Peru gives Berenson 20 years in retrial
Chicago Tribune -- 21 June 2001
by Patrice M. Jones
Lori Berenson, the 31-year-old American imprisoned in Peru since 1996 for terrorism, was convicted again in a retrial Wednesday, dashing the hopes of her parents and others who had championed her case.
Berenson, who was sentenced to 20 years in prison for collaborating with leftist guerrillas in a failed plot to seize Peru's Congress, was cleared of more serious charges that she was an active rebel militant. The court said she would not be released until Nov. 29, 2015, a sentence that includes the five years she has already served.
In a statement before the verdict, Berenson sternly told the court, "I am no terrorist and I condemn what terrorism is." But from the beginning, the three-month trial had unraveled like a tragic play in which everyone thought they already knew the ending.
No matter how much her lawyer argued, Berenson, a former student at Massachusetts Institute of Technology, could not shake the image of her defiant speech on Peruvian television shortly before her 1996 conviction.
In that incident, broadcast repeatedly, Berenson made a screaming declaration in defense of the rebels of the Marxist Tupac Amaru Revolutionary Movement who plotted to take over Congress and seize hostages. She said the group has "no criminal terrorists. It is a revolutionary movement," a statement that has been taken by many Peruvians to mean she is guilty.
But Berenson and her parents, two retired professors, have maintained that Berenson was being tried for her beliefs and not for her actions. Mark Berenson and his wife, Rhoda, who both attended the hearing, have fought a long battle to free their daughter.
Berenson, who calls herself a prisoner of conscience, has admitted sympathy for the Tupac Amaru's cause but said she is innocent of participating in any terrorist acts. Her family has vowed to appeal.
A linchpin in her trial was Berenson's refusal to condemn the rebels, a fact that hardened the three judges reviewing the case and many Peruvians who remember years of bloody guerrilla insurgencies that killed 30,000 people. The Tupac Amaru rebels are blamed for 200 of those deaths since they took up arms in 1984.
"According to Peruvian public opinion, this whole retrial was only held because of pressure from the U.S.," said Joanna Drzewienieki, a Lima political analyst.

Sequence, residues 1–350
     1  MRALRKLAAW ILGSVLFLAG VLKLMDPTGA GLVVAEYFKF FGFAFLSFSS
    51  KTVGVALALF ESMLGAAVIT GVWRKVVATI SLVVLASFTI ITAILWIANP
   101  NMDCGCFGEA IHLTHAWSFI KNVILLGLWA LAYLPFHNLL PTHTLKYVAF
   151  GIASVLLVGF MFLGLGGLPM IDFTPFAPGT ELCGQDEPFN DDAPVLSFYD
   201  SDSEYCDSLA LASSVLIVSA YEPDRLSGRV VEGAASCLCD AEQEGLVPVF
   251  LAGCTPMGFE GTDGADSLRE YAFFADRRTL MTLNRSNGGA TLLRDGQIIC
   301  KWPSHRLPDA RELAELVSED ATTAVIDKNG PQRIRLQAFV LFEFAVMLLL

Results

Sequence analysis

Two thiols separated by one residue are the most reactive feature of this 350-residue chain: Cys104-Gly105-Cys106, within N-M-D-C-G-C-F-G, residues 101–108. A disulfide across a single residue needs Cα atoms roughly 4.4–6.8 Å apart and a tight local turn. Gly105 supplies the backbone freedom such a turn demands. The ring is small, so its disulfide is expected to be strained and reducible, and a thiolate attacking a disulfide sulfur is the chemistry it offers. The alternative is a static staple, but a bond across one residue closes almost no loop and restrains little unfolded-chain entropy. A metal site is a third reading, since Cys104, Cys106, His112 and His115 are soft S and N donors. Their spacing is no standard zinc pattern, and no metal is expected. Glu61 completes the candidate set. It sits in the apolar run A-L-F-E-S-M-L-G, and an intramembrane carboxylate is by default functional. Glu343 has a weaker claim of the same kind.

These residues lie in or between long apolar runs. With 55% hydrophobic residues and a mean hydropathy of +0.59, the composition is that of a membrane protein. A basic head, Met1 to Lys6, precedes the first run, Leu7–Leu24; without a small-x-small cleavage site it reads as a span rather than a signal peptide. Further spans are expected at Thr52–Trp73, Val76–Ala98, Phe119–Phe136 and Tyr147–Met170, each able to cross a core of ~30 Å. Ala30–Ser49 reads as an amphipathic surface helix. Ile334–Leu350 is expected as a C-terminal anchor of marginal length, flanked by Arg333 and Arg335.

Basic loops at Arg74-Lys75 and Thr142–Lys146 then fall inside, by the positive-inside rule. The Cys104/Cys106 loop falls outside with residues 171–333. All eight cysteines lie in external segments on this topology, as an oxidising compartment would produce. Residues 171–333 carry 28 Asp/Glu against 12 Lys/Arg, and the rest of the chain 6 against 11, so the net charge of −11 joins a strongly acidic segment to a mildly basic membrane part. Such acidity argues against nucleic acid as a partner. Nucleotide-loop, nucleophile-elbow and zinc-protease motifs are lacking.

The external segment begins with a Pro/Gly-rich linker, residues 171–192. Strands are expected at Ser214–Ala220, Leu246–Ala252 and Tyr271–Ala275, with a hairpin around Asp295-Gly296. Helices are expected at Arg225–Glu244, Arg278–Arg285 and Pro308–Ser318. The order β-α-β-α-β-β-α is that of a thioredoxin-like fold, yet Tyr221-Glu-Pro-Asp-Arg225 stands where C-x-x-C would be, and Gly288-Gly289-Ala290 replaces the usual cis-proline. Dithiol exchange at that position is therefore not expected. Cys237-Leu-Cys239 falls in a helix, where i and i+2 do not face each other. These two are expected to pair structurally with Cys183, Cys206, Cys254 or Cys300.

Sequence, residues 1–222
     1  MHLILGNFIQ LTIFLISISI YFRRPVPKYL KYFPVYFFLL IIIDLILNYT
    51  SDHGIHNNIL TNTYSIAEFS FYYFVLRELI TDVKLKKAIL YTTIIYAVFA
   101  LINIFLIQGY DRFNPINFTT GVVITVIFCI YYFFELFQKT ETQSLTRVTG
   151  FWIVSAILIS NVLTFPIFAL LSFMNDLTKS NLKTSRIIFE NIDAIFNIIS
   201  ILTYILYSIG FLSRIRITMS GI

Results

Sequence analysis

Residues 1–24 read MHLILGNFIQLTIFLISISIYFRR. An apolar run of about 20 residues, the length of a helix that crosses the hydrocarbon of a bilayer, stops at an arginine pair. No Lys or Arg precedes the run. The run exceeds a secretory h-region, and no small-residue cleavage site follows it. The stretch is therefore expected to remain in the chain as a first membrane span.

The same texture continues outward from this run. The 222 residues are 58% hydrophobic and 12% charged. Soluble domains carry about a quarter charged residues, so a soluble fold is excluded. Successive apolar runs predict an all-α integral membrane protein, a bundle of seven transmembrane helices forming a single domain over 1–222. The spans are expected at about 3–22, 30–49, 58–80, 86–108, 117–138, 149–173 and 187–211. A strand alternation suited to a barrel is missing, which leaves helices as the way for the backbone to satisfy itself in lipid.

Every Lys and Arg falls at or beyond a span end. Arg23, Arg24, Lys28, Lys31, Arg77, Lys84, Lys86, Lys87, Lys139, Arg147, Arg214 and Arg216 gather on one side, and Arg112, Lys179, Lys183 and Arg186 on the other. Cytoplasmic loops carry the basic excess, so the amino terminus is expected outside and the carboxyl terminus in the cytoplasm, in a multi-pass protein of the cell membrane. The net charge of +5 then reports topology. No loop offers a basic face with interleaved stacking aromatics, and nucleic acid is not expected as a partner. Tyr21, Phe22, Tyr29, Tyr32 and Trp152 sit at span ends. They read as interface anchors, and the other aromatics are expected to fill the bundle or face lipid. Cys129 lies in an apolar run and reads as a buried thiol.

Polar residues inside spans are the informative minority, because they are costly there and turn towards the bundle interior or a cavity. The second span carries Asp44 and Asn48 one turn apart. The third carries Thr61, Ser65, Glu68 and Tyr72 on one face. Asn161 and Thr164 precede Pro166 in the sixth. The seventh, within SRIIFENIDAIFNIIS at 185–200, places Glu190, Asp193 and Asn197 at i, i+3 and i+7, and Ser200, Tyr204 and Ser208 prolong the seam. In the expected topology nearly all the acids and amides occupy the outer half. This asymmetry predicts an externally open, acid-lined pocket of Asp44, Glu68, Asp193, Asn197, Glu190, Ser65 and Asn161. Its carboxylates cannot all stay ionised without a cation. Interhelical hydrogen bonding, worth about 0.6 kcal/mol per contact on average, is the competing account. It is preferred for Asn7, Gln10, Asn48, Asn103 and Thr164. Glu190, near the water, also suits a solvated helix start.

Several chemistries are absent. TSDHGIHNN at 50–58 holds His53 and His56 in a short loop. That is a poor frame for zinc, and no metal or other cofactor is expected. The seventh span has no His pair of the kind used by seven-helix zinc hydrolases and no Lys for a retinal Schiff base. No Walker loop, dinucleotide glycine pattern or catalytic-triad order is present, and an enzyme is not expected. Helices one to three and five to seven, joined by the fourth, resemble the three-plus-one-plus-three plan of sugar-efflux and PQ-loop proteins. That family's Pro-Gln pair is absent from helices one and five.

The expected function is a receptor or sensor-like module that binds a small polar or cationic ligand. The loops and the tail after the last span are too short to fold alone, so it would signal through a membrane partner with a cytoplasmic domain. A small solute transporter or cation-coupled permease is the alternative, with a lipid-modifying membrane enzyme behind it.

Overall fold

"Lori Berenson certainly has not done anything during the trial to help herself," Drzewienieki added. "To help herself in Peru, she would have had to say that the Tupac Amaru is a very bad organization, but she did not do that. Everybody thinks she is guilty."
During her first trial, in which she received a life sentence for treason and was called a rebel leader, Berenson faced hooded judges in a secret military court and her lawyer was not allowed to cross-examine witnesses.
The trial was viewed internationally as grossly unfair. After much U.S. pressure, her conviction was overturned and she was granted a civilian trial last year.
Many U.S. lawmakers and former President Bill Clinton have championed Berenson's case. But human-rights groups, particularly those in Peru, have kept their distance.
Many commented privately that they do not want Berenson to become the cause celebre of those wrongly accused of terrorism because many believe the evidence points to her probable involvement with the rebel group.
In her second trial, prosecutors presented essentially the same evidence against her. Prosecutors said Berenson posed as a journalist to inspect the security system at the Congress to plan the seizure.
Berenson said she was in Lima as a freelance journalist working for two U.S. journals.
On Wednesday, she again maintained her innocence and said the charges against her were based on testimony by a fellow detainee who was trying to be freed at her expense.
She also apologized for the 1996 statement she made regarding the rebels.
"I am aware how that image and those statements were manipulated to create a monster larger than life, so that later I personified 20 years of insurgent and state violence," she told the court.
Defender of leftist causes
The native New Yorker has a long history of involvement in leftist causes and was arrested along with the wife of a Tupac Amaru leader in 1995.
A house Berenson was renting was later determined to be a staging ground for the rebels, and after a bloody gun battle with guerrillas holed up inside, police found a large supply of explosives and weapons.
She said she had moved out of the rented house three months before her arrest and did not know her new acquaintances were rebels or that plans were under way to attack Congress.
Berenson came to Peru after working as a personal secretary to a Salvadoran rebel leader during peace negotiations that ended El Salvador's civil war in 1992.
In 1996, the Tupac Amaru, following a similar script to that of the planned Congress raid, seized the Japanese ambassador's residence in Lima and held hostages for 126 days. As part of a swap for hostages, the rebels requested Berenson's release, among others.
Berenson's future is still an open question. Peruvian President-elect Alejandro Toledo could eventually pardon Berenson. Already scores of other Peruvians found to have been wrongly imprisoned under the strict anti-terrorism laws have been released.
But before the court's decision, Peru's Justice Minister Diego Garcia Sayan said Wednesday that the government would respect any verdict and that Berenson should serve out any sentence in Peru.
According to surveys, most Peruvians believe Berenson will be eventually released because of U.S. pressure.